Claudia Chang, professor of archaeology at Sweet Briar College in Virginia, is director of an international field research project on the archaeology of the Iron Age in the Republic of Kazakhstan. Throughout the exhibition Nomads and Networks: The Ancient Art and Culture of Kazakhstan, on view in the Sackler until November 12, 2012, Claudia will share tales from her ongoing fieldwork with us on Bento.
All week the weather reports have predicted rain, but we have mostly had glowering skies, occasional winds, and some thunder grumblings. Today we quit before our break time because a rain came, but it was short-lasting. Steppe weather usually comes from the northwest, where the storm clouds gather and then blow against the high Tianshan Mountains.
The crew was happy to leave early today. It’s been a long dig season. Most archaeological projects in Kazakhstan are located in remote mountain, desert, or steppe areas where a field camp is set up, and the project lasts for 3 to 6 weeks. We’re now into the 9th week of excavation.
I refer to what we do as “garage archaeology.” We pick the crew up every day at 6:30 am with the Uhas Microautobus, drive less than 3 km (1.9 miles) to the site with our equipment, and then work until 12:15 pm. It is a short day, but usually packed with so many activities that even the high school students who work with us sometimes comment on how fast the morning hours pass. Then we drive from the site to the place where we store the artifacts and park the bus in the garage.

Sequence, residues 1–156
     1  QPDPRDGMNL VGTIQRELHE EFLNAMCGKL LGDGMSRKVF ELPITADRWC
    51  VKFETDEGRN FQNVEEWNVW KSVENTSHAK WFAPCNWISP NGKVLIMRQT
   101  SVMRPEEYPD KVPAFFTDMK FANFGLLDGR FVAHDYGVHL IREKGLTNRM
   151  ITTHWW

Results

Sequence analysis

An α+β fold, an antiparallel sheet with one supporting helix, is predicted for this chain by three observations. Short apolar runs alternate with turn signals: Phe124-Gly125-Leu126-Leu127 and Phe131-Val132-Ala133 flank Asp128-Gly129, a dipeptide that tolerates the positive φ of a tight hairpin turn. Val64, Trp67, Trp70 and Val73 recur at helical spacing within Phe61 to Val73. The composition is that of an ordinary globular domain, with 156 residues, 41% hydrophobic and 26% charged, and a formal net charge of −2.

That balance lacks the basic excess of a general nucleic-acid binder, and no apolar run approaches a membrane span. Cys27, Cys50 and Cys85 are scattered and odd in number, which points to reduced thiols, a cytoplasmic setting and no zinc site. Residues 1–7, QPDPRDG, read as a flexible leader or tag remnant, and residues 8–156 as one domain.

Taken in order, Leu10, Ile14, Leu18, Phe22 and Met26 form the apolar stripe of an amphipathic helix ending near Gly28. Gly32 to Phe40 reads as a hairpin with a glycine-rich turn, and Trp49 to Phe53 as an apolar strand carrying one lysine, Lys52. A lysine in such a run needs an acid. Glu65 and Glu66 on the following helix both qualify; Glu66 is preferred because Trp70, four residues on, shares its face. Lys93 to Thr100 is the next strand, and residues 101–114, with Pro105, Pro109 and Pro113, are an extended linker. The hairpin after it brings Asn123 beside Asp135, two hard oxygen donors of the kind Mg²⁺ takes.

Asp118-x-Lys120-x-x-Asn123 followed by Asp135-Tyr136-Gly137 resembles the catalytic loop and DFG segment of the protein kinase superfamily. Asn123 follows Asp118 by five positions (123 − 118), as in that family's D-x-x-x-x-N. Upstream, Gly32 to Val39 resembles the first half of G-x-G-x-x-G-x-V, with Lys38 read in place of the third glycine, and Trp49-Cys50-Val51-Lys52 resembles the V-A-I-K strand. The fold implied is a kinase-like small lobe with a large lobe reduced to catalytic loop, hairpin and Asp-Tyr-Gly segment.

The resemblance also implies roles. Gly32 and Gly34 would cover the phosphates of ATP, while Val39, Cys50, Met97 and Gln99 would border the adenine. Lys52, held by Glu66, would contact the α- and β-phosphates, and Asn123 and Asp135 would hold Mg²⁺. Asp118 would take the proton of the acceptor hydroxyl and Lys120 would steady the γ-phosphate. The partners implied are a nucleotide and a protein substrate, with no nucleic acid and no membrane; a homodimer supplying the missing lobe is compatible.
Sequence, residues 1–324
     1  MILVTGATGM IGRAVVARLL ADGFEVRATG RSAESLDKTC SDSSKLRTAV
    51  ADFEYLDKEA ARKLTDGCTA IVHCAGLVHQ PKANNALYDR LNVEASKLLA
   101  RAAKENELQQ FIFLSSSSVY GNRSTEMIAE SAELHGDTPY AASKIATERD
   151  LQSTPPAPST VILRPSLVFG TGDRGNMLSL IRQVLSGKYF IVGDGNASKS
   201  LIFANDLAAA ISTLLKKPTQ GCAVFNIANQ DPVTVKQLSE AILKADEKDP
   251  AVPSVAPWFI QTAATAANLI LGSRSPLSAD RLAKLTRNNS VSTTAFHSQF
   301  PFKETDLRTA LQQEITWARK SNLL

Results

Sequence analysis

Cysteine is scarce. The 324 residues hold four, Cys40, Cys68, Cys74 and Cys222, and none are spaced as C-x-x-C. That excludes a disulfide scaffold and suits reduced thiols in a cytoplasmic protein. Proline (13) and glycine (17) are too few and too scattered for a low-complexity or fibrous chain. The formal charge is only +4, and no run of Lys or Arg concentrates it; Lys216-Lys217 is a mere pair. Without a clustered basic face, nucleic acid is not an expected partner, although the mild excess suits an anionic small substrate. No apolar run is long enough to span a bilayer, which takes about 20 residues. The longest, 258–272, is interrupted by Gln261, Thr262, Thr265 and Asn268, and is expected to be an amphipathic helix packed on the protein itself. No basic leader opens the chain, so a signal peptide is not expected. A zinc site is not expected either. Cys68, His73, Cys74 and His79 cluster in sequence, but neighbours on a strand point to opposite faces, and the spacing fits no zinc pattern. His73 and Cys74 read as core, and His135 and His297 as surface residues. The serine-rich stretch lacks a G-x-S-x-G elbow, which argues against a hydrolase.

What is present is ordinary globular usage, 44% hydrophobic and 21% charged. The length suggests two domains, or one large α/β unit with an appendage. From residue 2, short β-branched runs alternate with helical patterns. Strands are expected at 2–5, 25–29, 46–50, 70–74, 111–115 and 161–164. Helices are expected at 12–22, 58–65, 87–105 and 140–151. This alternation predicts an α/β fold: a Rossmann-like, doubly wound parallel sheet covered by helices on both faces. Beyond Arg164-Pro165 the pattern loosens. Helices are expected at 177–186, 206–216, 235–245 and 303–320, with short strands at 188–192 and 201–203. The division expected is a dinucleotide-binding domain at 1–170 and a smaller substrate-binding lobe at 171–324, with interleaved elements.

After weeks of hard decisions, such as over which pieces of fallen mud brick wall to destroy and which to keep because they could be parts of walls, tandoor ovens, or floors, we have now found two large rooms in front of the upper mud brick platform and a large storage pit to the west of the platform. There are successive layers of packed mud brick flooring. A week ago, we broke out the three archaeological picks we brought from the US. They are the preferred tools for smashing the mud brick and adobe fall.
Olzhas asked yesterday, “When are we going to find gold?” The fact is that in settlement sites such as Tuzusai there is no gold to be found. Today we found a tiny piece of bronze, about the closest we’ll come to any kind of precious metal. It is indeed difficult for us to believe that the kurgans, with such rich burial inventories as the Issyk Golden Warrior, actually come from the same Iron Age period as a settlement site such as Tuzusai.
But today we did find an elite artifact on the second floor of the mud brick platform: half of a bronze bracelet. That’s an amazing find, probably the most incredible find we’ve had. When Alec found it, he turned to show it to me. Later I said, “Years from now you’ll be able to go to the Kazakh State Central Museum in Almaty and point to the bronze bracelet on display and say, ‘I found that in 2012!'”